Battleship design 1890 - 1914

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Queen Elizabeth class 1913 – 1915

The Queen Elizabeth-class became known as ‘super fast dreadnoughts’ as they were faster, more heavily protected and carried a bigger main armament than any other warship at the time. Because of this, the ships were regarded as the finest battleships of their time.

Queen Elizabeth-class battleship (1913-15) as first completed. (RNM)
Queen Elizabeth-class battleship (1913-15) as first completed. (RNM)

The class included HM Ships Queen Elizabeth, Barham, Valiant, Warspite and Malaya. The ships were 27 500 tons and had a complement of 925 men.

The Queen Elizabeth class also was the first class of Royal Naval battleships to be powered entirely by oil, rather than coal, which gave them more endurance and efficiency.

They were also cleaner, more spacious and produced less smoke than coal-fired ships. Below is a paper prepared by former First Sea Lord Baron John Fisher of Kilverstone in his role as the Chairman for the Royal Commission on Fuel outlining the various arguments for switching to oil-fired engines.

The provision of oil for the warships meant that First Lord of the Admiralty Winston Churchill had to secure oil supplies in wartime leading to the Anglo-Persian Oil Convention in 1913.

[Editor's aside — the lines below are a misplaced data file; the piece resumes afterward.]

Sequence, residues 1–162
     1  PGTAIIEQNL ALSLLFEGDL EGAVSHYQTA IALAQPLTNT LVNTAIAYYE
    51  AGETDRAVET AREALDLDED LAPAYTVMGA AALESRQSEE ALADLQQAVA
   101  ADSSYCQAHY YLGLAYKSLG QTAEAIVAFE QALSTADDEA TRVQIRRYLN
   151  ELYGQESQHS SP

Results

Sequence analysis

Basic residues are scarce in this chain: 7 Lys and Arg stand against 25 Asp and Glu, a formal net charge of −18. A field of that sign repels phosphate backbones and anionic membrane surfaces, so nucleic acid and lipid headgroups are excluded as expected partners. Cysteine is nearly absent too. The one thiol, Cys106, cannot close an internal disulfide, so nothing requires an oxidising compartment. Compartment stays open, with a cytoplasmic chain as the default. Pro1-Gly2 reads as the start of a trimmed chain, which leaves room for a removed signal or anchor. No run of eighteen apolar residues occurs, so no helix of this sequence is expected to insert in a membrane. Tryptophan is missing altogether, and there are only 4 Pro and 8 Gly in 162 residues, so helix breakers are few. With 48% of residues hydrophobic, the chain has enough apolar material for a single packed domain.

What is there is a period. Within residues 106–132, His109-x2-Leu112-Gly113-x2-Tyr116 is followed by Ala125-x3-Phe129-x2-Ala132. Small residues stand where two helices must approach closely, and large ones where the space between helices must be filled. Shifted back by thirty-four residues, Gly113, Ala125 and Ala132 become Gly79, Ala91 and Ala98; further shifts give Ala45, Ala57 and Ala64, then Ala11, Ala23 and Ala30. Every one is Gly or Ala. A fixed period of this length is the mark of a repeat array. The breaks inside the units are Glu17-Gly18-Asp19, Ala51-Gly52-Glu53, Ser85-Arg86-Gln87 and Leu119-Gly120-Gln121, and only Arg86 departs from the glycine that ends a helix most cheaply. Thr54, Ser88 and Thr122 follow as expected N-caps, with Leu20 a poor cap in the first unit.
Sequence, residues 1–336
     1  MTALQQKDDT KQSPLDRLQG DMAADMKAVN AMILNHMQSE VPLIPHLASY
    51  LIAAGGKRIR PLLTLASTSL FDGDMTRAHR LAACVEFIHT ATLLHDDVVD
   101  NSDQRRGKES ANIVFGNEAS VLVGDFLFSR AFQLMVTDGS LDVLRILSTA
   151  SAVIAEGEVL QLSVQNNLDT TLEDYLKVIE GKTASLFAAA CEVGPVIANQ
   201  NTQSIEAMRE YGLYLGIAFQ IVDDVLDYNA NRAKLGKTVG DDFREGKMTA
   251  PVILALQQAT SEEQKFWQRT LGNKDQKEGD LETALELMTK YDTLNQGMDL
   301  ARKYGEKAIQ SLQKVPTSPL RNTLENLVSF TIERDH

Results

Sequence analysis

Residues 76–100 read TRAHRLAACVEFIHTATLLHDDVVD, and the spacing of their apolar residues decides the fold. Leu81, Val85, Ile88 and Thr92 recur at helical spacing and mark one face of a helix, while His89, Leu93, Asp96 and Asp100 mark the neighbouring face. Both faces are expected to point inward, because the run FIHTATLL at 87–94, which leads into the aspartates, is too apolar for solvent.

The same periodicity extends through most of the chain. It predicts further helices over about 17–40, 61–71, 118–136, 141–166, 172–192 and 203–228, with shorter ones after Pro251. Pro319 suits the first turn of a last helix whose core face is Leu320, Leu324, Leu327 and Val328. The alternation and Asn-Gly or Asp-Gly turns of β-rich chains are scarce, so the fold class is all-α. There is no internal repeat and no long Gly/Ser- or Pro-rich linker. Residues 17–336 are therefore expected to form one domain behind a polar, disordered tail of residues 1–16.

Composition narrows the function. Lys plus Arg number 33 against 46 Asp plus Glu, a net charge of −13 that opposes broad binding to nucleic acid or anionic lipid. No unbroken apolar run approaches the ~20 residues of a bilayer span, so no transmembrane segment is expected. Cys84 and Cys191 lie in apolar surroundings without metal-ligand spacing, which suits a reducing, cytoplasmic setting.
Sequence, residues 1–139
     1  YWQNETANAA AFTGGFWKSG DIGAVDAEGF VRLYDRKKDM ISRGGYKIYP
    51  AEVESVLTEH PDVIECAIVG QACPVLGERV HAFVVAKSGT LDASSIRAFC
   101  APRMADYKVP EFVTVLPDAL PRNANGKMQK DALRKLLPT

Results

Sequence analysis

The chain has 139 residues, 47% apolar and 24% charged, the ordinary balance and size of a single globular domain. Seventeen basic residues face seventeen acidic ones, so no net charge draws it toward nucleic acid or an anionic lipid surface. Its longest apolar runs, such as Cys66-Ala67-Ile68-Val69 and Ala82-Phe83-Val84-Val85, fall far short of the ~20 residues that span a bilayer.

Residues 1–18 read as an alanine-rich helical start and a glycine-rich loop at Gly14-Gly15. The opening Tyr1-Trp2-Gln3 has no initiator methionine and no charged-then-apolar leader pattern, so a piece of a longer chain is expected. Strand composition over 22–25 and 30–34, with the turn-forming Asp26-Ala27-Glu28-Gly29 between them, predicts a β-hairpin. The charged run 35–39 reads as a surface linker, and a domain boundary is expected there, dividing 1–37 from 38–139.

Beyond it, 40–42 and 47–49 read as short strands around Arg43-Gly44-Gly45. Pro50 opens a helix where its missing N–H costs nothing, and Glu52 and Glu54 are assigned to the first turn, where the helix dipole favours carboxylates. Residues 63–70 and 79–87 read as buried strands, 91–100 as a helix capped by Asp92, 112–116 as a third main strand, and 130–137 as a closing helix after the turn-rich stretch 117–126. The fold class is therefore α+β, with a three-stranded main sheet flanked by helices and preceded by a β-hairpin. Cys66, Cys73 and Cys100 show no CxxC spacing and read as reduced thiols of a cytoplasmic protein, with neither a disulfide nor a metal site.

As a consequence of concerns about the supply of oil in wartime, the next class of dreadnoughts, the Revenge class, was built with both an oil and coal-firing capacity. This made it slower and less effective than its predecessor - an obvious back step in naval technology.

15-inch gun tompion from HMS Queen Elizabeth. (RNM)
15-inch gun tompion from HMS Queen Elizabeth. (RNM)

The Queen Elizabeth class was the first battleship to be built to carry the newly developed 15-inch guns that were being designed by the Admiralty.

The ship was developed around the guns as the naval arms race expanded the limits of naval technology. The 15” guns were to prove more accurate and suffer less barrel wear than the 13.5-inch gun.

They had a heavier broadside than any other five-turret predecessor with guns firing a 1920-pound shell thus producing a broadside of approximately 16 000 pounds.

Fore Turret Deck of HMS Queen Elizabeth. (RNM)
Fore Turret Deck of HMS Queen Elizabeth. (RNM)

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